In June of 2009 my dad called me and told me that the cancer in his throat had come back and that it was inoperable. I felt completely numb. He might as well have told me that the milk he just bought was bad. I thought I didn’t care.
I told him about a few holistic things he could use and forced myself to call him every now and then to see how he was doing and have him hear my voice.
We didn’t have the best relationship. He wasn’t exactly the ideal father and when I was grown and he wanted to be a part of my life, I didn’t really want him in it, nor did I understand his suddenly wanting to be closer to me. My thought was: You can’t miss what you never had.
I made a decision to forgive my father a few years ago but my feelings had yet to catch up to that decision and as a result, I was fine with keeping some distance between us. Love was never in question, we loved each other the best we could, it was just the other relationship stuff that was hard for me with him. I talk to my mom several times a day but could easily go weeks, 8 months or even a year without speaking with my dad.
I used to think that all I learned from him was what not to do but of course with hindsight being 20/20, I can clearly remember that he taught me so much more. One of the biggest things he taught me was not to judge people. With him, I always knew I could go to him about anything and he wouldn’t judge me at all. He might laugh at me, but he’d never judge me. He had a way of making me laugh when I thought all hell was breaking loose in my life.
During the last few months of his life, my heart began to change towards him. I didn’t realize it was the last few months of his life. It took me a while to realize it but when I did I was astonished as I began to call him not out of obligation but because I missed him and wanted to hear from him, however, our phone conversations had to become text messages as he wasn’t able to speak anymore because of the cancer. I also began to long to see him and I planned to visit him after my 2 clients gave birth near the end of October.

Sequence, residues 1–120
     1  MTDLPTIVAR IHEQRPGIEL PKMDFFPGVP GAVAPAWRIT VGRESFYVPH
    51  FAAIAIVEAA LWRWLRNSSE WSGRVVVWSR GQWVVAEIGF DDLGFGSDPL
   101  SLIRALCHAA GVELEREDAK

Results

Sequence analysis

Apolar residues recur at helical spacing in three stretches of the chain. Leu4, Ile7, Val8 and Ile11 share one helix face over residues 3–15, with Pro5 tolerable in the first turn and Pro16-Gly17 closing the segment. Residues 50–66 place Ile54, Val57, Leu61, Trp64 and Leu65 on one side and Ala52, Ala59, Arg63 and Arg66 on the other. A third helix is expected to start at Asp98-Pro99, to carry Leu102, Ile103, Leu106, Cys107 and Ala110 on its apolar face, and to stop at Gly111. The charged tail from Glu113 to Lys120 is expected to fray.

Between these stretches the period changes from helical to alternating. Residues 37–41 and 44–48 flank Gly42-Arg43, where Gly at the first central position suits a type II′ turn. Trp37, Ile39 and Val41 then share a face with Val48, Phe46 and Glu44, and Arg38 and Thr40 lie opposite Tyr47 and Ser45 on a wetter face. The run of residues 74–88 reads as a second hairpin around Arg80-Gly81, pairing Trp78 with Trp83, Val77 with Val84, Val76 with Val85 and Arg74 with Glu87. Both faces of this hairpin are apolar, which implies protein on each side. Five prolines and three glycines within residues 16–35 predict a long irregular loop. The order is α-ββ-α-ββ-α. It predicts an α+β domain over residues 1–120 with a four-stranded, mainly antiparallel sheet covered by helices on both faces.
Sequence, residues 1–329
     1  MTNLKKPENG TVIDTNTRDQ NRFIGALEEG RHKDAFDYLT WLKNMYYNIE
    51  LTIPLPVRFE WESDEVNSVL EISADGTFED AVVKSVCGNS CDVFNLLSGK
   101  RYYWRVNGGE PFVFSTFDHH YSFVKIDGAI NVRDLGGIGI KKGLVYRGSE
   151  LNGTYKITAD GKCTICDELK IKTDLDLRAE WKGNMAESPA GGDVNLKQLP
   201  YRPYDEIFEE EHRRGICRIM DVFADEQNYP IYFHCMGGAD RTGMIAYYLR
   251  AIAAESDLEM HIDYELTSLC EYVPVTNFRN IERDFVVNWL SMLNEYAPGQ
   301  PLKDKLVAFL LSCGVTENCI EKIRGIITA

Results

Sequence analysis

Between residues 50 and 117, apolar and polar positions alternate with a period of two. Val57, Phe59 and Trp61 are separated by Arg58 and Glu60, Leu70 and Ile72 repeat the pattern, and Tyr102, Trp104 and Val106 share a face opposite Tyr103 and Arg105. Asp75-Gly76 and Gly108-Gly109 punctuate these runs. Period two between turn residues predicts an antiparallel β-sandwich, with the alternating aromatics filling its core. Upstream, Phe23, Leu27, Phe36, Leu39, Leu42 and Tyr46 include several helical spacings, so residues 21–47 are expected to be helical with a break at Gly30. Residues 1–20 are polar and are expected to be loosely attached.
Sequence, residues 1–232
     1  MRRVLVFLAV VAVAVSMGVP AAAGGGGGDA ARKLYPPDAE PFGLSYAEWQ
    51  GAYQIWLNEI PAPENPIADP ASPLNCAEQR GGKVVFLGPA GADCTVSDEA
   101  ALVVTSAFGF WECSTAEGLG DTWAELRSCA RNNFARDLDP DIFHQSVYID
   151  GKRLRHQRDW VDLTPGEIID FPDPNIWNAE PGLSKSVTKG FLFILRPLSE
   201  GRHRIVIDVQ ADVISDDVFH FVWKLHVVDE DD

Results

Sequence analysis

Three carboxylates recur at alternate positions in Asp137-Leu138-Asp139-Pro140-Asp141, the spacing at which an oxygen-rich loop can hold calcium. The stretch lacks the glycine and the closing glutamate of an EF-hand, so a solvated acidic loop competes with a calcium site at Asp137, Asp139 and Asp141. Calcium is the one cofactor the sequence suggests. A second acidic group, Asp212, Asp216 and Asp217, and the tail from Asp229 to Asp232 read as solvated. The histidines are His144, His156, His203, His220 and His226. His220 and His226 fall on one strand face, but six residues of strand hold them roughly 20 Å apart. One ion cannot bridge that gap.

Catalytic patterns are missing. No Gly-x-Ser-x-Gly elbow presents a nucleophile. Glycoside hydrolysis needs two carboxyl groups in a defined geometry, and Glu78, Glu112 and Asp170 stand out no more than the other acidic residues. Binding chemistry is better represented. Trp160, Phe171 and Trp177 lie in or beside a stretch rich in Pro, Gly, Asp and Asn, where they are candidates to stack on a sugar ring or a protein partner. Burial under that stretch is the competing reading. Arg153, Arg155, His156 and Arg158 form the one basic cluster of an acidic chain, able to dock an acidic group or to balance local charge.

I remember when I learned that he was receiving hospice care, I (knowing full well what that meant) kept looking up the definition of hospice care because surely, this wasn’t really happening, not to him.
Once my last client gave birth, I went to visit him. The first day I wanted to visit him, he was taken from his home to a hospice center. I took my girls and we went to see him on October 30th. When I walked in, the man I saw all frail and lethargic in that bed was not my father. This was not the man who on October 31, 2008, smiled at me, and flashed his dimples and hazel eyes as I signed copies of my book at my book signing. The man in that bed was a mere shell of my father. Only looking into his eyes which at that time were a calm gray, made me know it was truly him.
He looked up at me for a moment then seemed to fall asleep. He looked up again at my daughter and mouthed hello. I went into doula mode. I pulled out my essential oils and rubbed balsam fir and frankincense on the back of his neck. I rubbed and kissed his hands, head, face and feet. I rubbed his hair and talked to him, prayed with him, prayed for him and sang to him. After staying a few hours, I told him that I wanted to come and see him again the following day and asked him not to leave.
I returned the following evening and knew it would be our last time together. I talked to him some of the time, held his hand, kissed him, and just looked at him and cried. I kept telling him I was going to go but I’d find myself back at his side again talking to him and crying. I thanked him for waiting for me as I knew I was the last of his children to visit him. I sang to him a song that wished him peace until we met again. I kissed his cheek and laughed realizing I’d never kissed his cheek in my life. All my life, I’d kiss my dad square on the lips, even as an adult, lol!
When I finally resolved to really leave, it was almost midnight. I told him I was leaving for real this time and that it was ok for him to go. I told him that I’d see him again one day and when that day came, we’d get all that we got wrong on this side, right on the other side. Reluctantly and tearfully, I began to leave, only to stop at the door and stand there for a while staring at him. I almost felt that as long as I stayed there, he’d stay too.
Not quite 2 hours had gone by after I left him that I received a call from my sister saying our dad had passed.
It’s been 6 months now and it’s been hard of course, but I am comforted when I clearly hear his voice saying, “Hold your head up Champ! You’ll be alright”, and, “As long as you keep waking up on this side, you still have a shot at the title.”